PAWS-X: A Cross-lingual Adversarial Dataset for Paraphrase Identification

08/30/2019 ∙ by Yinfei Yang, et al. ∙ Google 0

Most existing work on adversarial data generation focuses on English. For example, PAWS (Paraphrase Adversaries from Word Scrambling) consists of challenging English paraphrase identification pairs from Wikipedia and Quora. We remedy this gap with PAWS-X, a new dataset of 23,659 human translated PAWS evaluation pairs in six typologically distinct languages: French, Spanish, German, Chinese, Japanese, and Korean. We provide baseline numbers for three models with different capacity to capture non-local context and sentence structure, and using different multilingual training and evaluation regimes. Multilingual BERT fine-tuned on PAWS English plus machine-translated data performs the best, with a range of 83.1-90.8 accuracy across the non-English languages and an average accuracy gain of 23 shows the effectiveness of deep, multilingual pre-training while also leaving considerable headroom as a new challenge to drive multilingual research that better captures structure and contextual information.

READ FULL TEXT VIEW PDF
POST COMMENT

Comments

There are no comments yet.

Authors

page 1

page 2

page 3

page 4

This week in AI

Get the week's most popular data science and artificial intelligence research sent straight to your inbox every Saturday.

1 Introduction

Adversarial examples have effectively highlighted the deficiencies of state-of-the-art models for many natural language processing tasks, e.g. question answering

Jia and Liang (2017); Chen et al. (2018); Ribeiro et al. (2018), textual entailment Zhao et al. (2018); Glockner et al. (2018), and text classification Alzantot et al. (2018); Iyyer et al. (2018). paws2019naacl introduce PAWS, which has adversarial paraphrase identification pairs with high lexical overlap, like flights from New York to Florida and flights from Florida to New York. Such pairs stress the importance of modeling sentence structure and context because they have high word overlap ratio but different semantic meaning. In addition to revealing failures of state-of-the-art models, research on adversarial examples has generally shown that augmenting training data with good adversarial examples can boost performance for some models—providing greater clarity to the modeling landscape as well providing new headroom for further improvements.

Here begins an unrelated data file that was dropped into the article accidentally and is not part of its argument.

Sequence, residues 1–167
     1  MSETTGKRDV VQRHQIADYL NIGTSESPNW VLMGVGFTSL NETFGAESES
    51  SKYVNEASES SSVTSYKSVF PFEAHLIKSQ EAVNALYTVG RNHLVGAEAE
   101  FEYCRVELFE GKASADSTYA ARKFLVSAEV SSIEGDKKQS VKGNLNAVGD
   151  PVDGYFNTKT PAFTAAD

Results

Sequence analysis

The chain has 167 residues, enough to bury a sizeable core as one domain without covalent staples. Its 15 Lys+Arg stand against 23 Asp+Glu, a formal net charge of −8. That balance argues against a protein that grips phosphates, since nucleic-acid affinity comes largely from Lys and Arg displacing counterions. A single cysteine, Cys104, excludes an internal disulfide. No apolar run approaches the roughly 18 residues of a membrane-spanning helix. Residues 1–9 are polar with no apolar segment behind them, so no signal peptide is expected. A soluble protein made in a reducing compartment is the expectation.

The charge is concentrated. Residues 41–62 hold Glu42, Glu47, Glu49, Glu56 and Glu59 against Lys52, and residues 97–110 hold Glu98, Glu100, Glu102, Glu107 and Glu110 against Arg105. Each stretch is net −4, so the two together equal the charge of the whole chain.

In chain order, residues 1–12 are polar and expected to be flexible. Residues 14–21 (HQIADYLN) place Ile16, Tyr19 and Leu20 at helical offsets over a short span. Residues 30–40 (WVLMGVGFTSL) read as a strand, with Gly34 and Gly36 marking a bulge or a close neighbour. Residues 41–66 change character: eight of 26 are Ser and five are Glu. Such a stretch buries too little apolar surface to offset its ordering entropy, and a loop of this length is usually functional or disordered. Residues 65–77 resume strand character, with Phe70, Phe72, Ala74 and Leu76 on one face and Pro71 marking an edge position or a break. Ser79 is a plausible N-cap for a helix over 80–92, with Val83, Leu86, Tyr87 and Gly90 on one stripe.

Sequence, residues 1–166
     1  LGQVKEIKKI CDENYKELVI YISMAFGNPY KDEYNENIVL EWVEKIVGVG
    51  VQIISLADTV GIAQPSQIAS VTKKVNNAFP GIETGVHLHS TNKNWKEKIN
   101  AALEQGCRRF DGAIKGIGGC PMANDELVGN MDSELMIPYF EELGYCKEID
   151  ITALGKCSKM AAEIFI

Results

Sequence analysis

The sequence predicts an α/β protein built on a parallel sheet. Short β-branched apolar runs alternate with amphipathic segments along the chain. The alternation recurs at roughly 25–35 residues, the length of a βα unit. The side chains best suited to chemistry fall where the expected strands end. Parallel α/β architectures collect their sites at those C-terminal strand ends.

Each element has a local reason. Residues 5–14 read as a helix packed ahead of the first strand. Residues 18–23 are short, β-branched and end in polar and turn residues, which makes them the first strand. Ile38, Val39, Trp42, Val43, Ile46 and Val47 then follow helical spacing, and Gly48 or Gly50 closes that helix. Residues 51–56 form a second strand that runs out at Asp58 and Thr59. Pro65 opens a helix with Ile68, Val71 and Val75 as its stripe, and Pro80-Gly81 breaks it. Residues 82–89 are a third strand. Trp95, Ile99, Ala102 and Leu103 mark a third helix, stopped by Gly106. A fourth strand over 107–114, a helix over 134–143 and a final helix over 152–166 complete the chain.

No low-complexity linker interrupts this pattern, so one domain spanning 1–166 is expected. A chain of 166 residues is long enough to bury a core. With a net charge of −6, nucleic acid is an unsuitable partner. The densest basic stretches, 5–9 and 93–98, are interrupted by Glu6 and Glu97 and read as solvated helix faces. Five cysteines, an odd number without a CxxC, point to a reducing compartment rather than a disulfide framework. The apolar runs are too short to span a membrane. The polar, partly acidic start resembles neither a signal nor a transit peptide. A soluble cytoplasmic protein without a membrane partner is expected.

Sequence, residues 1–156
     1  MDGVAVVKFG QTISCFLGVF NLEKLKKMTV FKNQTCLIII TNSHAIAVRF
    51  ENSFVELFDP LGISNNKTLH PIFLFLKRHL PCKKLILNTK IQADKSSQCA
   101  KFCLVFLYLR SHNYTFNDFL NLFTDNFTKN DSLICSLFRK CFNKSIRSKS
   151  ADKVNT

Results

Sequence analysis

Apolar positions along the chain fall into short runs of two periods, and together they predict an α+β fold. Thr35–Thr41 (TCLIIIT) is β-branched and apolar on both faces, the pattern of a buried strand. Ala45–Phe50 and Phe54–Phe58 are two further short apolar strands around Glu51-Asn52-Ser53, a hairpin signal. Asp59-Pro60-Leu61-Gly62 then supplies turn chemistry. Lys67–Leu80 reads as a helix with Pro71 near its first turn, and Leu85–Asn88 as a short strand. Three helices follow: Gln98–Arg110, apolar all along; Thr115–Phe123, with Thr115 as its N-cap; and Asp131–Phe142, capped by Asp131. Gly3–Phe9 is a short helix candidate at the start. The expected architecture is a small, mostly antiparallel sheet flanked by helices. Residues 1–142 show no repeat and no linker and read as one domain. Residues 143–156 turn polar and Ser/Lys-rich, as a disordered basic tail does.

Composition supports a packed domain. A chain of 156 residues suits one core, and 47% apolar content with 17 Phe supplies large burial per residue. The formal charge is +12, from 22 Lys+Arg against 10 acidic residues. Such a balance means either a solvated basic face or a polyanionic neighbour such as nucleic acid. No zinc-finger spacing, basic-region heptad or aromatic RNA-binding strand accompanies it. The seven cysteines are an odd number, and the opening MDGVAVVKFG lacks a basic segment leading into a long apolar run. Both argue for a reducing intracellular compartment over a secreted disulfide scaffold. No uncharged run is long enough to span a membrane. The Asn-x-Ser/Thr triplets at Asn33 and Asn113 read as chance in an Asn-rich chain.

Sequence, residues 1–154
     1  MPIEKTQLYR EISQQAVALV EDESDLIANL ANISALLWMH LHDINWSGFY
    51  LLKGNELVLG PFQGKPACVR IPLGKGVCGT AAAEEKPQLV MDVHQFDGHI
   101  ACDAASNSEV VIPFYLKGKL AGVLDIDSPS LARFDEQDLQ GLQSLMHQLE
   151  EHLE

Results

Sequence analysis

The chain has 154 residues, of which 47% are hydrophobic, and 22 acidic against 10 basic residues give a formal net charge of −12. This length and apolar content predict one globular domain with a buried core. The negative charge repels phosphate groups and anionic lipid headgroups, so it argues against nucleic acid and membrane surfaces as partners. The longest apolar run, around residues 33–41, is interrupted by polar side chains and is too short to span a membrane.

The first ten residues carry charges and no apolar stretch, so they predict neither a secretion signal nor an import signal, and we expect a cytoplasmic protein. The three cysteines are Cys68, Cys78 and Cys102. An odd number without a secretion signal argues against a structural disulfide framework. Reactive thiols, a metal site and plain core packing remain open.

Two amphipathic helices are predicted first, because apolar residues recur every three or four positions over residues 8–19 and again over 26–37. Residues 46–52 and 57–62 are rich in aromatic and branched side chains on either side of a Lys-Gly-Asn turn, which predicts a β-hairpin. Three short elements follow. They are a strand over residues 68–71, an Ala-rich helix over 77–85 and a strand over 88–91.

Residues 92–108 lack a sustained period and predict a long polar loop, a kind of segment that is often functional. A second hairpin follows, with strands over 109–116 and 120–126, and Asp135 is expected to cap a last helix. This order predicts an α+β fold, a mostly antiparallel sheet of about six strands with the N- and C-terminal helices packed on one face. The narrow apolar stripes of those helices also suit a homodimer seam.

Most previous work focuses only on English despite the fact that the problems highlighted by adversarial examples are shared by other languages. Existing multilingual datasets for paraphrase identification, e.g. Multi30k Elliott et al. (2016) and Opusparcus Creutz (2018), lack challenging examples like PAWS. The lack of high-quality adversarial examples in other languages makes it difficult to benchmark model improvements. We bridge this gap by creating Cross-lingual PAWS (PAWS-X), an extension of the Wikipedia portion of the PAWS evaluation and test examples to six languages: Spanish, French, German, Chinese, Japanese, and Korean. This new corpus consists of 23,659 human translated example pairs with paraphrase judgments in each target language. Like previous work on multilingual corpus creation Conneau et al. (2018), we machine translate the original PAWS English training set (49,401 pairs). Note that all translated pairs still have high word overlap and they inherit semantic similarity labels from the original PAWS examples; thus, the resulting dataset preserves the ability of probing structure and context sensitivity for models. We also machine translate the evaluation pairs of each language into English to establish the baseline performance of a translate-then-predict strategy. The PAWS-X dataset, including both the new human translated pairs and the machine translated examples, is available for download at https://github.com/google-research-datasets/paws.

Language Text
Original Pair (id: 000005309_9438, label: not-paraphrasing)
en However, in order to defeat Slovak, Derek must become a vampire attacker.
However, in order to become Slovak, Derek must defeat a vampire assassin.
Human Translated Pairs
fr Toutefois, pour battre Slovak, Derek doit devenir un vampire attaquant.
Cependant, pour devenir Slovak, Derek doit vaincre un vampire assassin.
1-2 es Sin embargo, para derrotar a Slovak, Derek debe convertirse en un atacante vampiro.